What’s the risk in paying a non-exempt employee a salary rather than hourly wage?
Q: We have several employees who don’t meet the overtime exemption requirements, but who prefer to be paid by a salary rather than an hourly rate. The employees really like the flexibility of a salary. Is there any risk to not making them hourly?
A: Yes. The biggest risk is that you will not pay them correctly under wage and hour law. Even if an employee is paid a salary, if the employee doesn’t meet the requirements to be exempt from overtime, he or she must be paid 1.5 times their regular hourly rate for all hours worked over 40 in a workweek. When you pay a salary, you likely aren’t tracking the number of hours the employee works in a week, so you may not know whether they are entitled to overtime. In addition, there are other pay situations that could complicate matters. For example, when a non-exempt employee receives a bonus, you may be required to retroactively pay overtime. If you aren’t making that determination because the employee is paid on a salary basis, you could be violating wage and hour law and probably have exposure for unpaid wages and penalties. If you want to retain the flexibility of salary, but still comply with wage and hour law, you should evaluate whether it makes sense to switch the individual to a salary, non-exempt employee. This arrangement would allow the employee to earn a salary, but would still be entitled to weekly overtime. The risk of owing back wages for failing to pay a non-exempt employee proper overtime is pretty high, so it’s best to consult with an attorney when establishing your compensation structure.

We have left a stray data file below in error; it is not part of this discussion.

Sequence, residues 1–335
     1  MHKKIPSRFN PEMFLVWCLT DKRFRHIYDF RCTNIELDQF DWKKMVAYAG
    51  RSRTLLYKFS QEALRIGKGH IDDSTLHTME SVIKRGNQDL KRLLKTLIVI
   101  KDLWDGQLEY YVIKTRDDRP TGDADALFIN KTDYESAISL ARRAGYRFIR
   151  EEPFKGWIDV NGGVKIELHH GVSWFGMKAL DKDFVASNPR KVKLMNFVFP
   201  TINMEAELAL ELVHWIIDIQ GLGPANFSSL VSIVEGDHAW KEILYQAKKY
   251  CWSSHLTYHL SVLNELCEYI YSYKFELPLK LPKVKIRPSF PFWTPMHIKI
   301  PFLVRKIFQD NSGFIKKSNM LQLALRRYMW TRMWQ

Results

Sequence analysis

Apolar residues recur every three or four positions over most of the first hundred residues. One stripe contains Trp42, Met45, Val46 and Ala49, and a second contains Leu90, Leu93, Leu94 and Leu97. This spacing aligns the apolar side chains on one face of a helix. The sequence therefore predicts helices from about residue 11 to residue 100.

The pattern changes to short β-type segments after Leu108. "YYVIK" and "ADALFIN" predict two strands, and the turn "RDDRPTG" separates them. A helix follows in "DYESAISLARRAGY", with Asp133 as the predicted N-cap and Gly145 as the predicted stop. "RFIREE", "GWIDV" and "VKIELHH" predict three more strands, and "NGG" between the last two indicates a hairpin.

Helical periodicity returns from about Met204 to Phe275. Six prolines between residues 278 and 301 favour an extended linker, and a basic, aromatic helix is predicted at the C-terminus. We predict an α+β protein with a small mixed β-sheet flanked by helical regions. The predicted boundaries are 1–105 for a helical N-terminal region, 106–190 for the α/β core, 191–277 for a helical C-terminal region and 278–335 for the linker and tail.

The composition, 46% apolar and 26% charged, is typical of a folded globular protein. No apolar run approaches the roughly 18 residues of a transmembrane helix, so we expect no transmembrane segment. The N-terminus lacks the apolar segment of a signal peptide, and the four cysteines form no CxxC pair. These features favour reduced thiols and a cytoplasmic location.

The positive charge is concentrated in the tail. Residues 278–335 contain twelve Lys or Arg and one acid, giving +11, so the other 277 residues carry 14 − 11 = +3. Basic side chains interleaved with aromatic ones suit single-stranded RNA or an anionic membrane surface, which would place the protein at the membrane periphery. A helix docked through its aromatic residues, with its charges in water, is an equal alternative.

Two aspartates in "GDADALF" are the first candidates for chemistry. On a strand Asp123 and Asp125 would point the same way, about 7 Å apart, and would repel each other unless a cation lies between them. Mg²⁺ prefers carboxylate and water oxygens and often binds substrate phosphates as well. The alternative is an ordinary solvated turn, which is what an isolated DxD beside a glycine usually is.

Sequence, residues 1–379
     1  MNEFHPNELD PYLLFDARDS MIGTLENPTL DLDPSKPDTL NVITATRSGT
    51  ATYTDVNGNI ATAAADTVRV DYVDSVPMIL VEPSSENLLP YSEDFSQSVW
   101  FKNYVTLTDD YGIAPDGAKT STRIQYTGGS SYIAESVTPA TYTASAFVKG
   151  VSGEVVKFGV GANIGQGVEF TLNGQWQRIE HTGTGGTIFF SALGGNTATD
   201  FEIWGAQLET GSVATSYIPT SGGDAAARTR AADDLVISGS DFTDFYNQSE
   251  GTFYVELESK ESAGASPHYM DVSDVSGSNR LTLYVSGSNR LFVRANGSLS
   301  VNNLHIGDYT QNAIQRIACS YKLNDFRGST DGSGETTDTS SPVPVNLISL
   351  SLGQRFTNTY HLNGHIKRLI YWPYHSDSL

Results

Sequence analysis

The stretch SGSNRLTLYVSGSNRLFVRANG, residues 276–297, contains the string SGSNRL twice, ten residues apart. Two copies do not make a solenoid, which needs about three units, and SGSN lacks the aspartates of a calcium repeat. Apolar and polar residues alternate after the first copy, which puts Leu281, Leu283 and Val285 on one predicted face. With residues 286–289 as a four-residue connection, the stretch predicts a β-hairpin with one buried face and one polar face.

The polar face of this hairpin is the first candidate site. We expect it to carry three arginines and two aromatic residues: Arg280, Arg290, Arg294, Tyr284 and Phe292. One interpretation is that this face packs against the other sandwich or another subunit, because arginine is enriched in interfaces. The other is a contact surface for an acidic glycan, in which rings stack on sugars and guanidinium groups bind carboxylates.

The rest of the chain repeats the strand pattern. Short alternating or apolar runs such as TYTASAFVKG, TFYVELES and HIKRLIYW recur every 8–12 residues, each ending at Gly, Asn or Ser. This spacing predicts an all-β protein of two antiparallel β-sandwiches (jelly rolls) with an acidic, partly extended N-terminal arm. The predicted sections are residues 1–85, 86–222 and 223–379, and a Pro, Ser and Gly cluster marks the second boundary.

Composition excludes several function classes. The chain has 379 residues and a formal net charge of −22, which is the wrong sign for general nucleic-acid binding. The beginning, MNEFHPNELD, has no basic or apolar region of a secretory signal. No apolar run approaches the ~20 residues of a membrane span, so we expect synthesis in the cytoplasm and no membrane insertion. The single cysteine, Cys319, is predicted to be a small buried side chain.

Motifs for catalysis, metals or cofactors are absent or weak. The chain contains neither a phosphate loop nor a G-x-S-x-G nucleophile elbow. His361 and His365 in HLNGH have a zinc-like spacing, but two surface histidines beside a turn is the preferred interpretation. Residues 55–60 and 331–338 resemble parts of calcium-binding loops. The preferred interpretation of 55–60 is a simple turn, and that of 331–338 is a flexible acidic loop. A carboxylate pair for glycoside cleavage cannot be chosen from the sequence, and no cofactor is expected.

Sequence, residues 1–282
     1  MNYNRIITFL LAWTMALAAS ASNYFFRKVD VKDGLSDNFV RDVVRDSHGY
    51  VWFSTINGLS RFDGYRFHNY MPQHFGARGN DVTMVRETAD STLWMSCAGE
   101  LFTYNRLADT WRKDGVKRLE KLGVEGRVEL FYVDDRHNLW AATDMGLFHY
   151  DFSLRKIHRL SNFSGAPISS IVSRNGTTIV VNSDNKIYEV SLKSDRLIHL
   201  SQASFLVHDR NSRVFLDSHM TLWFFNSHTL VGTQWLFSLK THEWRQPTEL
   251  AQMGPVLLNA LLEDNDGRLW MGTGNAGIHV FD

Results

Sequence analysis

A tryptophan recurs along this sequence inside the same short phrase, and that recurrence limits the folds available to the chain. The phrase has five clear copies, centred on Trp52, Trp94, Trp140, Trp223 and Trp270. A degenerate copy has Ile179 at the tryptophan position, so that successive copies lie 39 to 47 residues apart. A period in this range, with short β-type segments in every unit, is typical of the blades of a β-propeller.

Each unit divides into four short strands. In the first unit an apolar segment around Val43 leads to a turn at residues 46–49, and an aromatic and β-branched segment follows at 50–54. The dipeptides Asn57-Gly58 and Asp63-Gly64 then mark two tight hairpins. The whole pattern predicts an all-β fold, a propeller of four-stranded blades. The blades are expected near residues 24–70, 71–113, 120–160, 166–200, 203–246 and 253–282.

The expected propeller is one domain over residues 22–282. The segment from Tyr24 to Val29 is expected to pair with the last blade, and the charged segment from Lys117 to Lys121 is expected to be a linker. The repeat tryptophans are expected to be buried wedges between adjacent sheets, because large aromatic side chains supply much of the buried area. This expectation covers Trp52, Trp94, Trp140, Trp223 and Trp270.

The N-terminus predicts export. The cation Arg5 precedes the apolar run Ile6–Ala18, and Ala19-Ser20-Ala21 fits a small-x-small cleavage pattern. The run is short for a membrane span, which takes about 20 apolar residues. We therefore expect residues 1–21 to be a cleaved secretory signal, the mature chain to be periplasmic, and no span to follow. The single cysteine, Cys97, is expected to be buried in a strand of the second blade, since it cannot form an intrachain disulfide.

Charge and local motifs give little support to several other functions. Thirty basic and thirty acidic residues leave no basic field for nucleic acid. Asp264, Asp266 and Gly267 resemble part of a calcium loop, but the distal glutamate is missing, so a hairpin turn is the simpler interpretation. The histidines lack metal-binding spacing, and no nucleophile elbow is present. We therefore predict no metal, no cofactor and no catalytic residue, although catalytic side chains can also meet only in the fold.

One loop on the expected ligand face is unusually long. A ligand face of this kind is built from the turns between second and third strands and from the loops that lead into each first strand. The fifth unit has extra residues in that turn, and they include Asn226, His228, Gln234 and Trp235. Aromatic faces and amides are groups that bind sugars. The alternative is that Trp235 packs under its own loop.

This website presents general information in nontechnical language. This information is not legal advice. Before applying this information to a specific management decision, consult legal counsel.